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Sharon Bristow v. Mr. Vandayburg

November 14, 2011

SHARON BRISTOW,
PLAINTIFF,
v.
MR. VANDAYBURG, ET AL.,
DEFENDANT.



The opinion of the court was delivered by: Judge Patricia A. Gaughan

Memorandum of Opinion and Order

INTRODUCTION

This matter is before the Court upon Federal Defendant Timothy Shook's Motion for Summary Judgment (Doc. 25). This is a civil rights case. For the following reasons, the motion is GRANTED.

FACTS

Plaintiffs, Sharon Bristow and Lisa Gilroy, filed this action against defendants, "Mr. Vandayburg," Timothy Shook, Ross Wilbur, and the United States of America, alleging wrongdoing associated with interactions between the parties.

Plaintiff Sharon Bristow is the mother of Bradley Bristow ("Bristow"), a fugitive wanted in Florida. On January 20, 2011, defendants Shook and Vandayburg received a telephone call from their supervisor regarding a tip on Bristow's location. According to the tip, Bristow was located at his mother's residence. Plaintiff Gilroy also resided there. Defendants went to the residence and spoke with plaintiffs. During the conversation, Gilroy informed Shook that Bristow was at the apartment the previous day, but that she did not know his present location. She further informed Shook that she was afraid Bristow's mother would "throw her out" of the apartment if she learned that Gilroy was cooperating with defendants. Gilroy told Shook that she worked at a local gas station and then provided Shook with the location and her work hours. Shook gave Gilroy his contact information and Gilroy said she would call Shook. A few days passed without any communication from Gilroy.

On January 22, 2011, defendants drove to the gas station where Gilroy worked. According to Shook's declaration, the following transpired:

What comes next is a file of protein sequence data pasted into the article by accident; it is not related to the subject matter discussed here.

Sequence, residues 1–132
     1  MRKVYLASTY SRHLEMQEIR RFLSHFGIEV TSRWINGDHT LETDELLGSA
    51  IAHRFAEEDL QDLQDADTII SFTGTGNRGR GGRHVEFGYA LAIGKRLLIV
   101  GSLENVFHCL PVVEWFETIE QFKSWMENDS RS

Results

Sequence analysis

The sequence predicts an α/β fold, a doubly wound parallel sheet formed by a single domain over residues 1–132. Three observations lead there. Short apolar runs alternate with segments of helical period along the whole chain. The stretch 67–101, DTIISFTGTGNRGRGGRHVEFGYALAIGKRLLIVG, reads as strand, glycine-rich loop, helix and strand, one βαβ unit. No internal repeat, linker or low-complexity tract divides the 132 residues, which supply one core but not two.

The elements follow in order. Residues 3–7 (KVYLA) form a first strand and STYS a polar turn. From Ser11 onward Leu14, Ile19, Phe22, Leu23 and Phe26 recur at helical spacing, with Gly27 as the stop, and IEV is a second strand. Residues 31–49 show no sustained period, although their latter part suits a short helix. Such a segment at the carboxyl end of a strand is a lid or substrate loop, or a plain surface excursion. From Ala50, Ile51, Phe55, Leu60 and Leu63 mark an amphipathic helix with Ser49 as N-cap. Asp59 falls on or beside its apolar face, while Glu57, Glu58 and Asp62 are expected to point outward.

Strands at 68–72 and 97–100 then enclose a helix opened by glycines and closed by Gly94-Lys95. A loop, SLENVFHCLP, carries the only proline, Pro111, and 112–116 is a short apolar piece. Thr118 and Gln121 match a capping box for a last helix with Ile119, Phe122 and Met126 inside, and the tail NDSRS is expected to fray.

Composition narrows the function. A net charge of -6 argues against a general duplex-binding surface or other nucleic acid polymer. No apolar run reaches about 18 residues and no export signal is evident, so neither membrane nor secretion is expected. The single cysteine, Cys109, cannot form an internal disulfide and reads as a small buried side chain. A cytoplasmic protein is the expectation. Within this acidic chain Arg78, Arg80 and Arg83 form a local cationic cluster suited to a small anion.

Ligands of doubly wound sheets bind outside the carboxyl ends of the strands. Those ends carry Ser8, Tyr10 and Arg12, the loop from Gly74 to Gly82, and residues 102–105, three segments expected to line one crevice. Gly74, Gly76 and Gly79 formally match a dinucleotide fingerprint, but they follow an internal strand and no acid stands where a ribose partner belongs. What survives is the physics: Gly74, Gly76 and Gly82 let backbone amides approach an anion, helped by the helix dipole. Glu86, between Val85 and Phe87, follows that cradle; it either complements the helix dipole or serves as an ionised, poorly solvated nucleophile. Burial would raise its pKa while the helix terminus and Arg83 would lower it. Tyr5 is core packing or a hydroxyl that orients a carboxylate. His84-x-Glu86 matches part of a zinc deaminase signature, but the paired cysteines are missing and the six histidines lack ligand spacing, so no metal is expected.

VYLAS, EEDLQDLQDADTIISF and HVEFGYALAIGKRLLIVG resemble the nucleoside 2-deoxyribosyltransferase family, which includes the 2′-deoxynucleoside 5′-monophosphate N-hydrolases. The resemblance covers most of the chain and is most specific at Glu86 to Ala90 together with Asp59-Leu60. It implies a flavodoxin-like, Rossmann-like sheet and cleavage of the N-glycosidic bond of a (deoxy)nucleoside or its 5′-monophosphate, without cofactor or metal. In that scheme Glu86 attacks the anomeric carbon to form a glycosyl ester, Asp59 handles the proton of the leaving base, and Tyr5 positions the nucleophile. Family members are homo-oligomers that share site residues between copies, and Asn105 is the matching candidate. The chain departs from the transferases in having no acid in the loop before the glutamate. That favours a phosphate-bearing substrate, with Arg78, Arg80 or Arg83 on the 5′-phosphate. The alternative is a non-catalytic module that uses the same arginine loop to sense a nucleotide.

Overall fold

I was driving a 2010 Ford Explorer and [defendant Vandayburg] was in the passenger seat. Around 2:00 p.m., we observed Gilory walking into the parking lot. [We] remained in our vehicle. When Gilroy approached, I rolled down the driver's side window and called Gilroy by her name, displaying my badge so she would recognize me. I asked Gilroy, in a normal tone of voice, if she had a second to talk and she agreed. I told Gilroy that she could get in the back of the car so that no one would see her talking to [us]. [We] remained in the front seat of the car. Gilroy walked around the vehicle, opened the back door, and got in voluntarily. [We] never blocked Gilroy's way, escorted Gilroy to our vehicle, brandished our weapons, flashed our lights, physically touched Gilroy, or otherwise acted in a manner that would lead a reasonable person to question the voluntary nature of the encounter. Gilroy was not restrained or patted down for weapons, and the doors to the vehicle remained unlocked during the entire encounter. (Shook Decl. at ¶¶ 6-7).

During the encounter, Gilroy informed defendants that she had not heard from Bristow, but that he may have been in contact with his mother. The encounter lasted only a few minutes and Gilroy's demeanor was friendly and cooperative. At no point did Gilory indicate that she did not wish to speak to defendants. Nor did she seek to terminate the encounter or appear upset. Defendants did not inform Gilroy that she was being detained and, according to defendants, Gilory was free to leave at any time.

Thereafter, plaintiffs filed this lawsuit. The sole remaining claim is plaintiff's Fourth Amendment claim against defendant Shook. All remaining claims have previously been dismissed.

Defendant Shook filed a motion for summary judgment on the basis of qualified immunity and no opposition was filed.

STANDARD OF REVIEW

Rule 56(a) of the Federal Rules of Civil Procedure, as amended on December 1, 2010, provides in relevant part that:

A party may move for summary judgment, identifying each claim or defense-or the part of each claim or defense-on which summary judgment is sought. The court shall grant summary judgment if the movant shows that there is no genuine dispute as to any ...


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